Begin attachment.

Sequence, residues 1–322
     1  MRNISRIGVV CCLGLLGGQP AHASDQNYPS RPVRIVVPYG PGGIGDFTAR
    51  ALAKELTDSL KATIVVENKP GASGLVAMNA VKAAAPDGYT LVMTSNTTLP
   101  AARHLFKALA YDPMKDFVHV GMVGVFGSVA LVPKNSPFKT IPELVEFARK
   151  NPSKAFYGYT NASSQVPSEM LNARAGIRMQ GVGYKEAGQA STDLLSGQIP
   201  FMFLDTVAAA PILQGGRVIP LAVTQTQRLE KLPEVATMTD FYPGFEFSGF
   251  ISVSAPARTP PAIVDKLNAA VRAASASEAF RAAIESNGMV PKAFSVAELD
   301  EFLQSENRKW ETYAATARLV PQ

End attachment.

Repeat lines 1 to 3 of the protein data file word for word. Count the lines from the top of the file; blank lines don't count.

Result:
Sequence, residues 1–322
     1  MRNISRIGVV CCLGLLGGQP AHASDQNYPS RPVRIVVPYG PGGIGDFTAR
    51  ALAKELTDSL KATIVVENKP GASGLVAMNA VKAAAPDGYT LVMTSNTTLP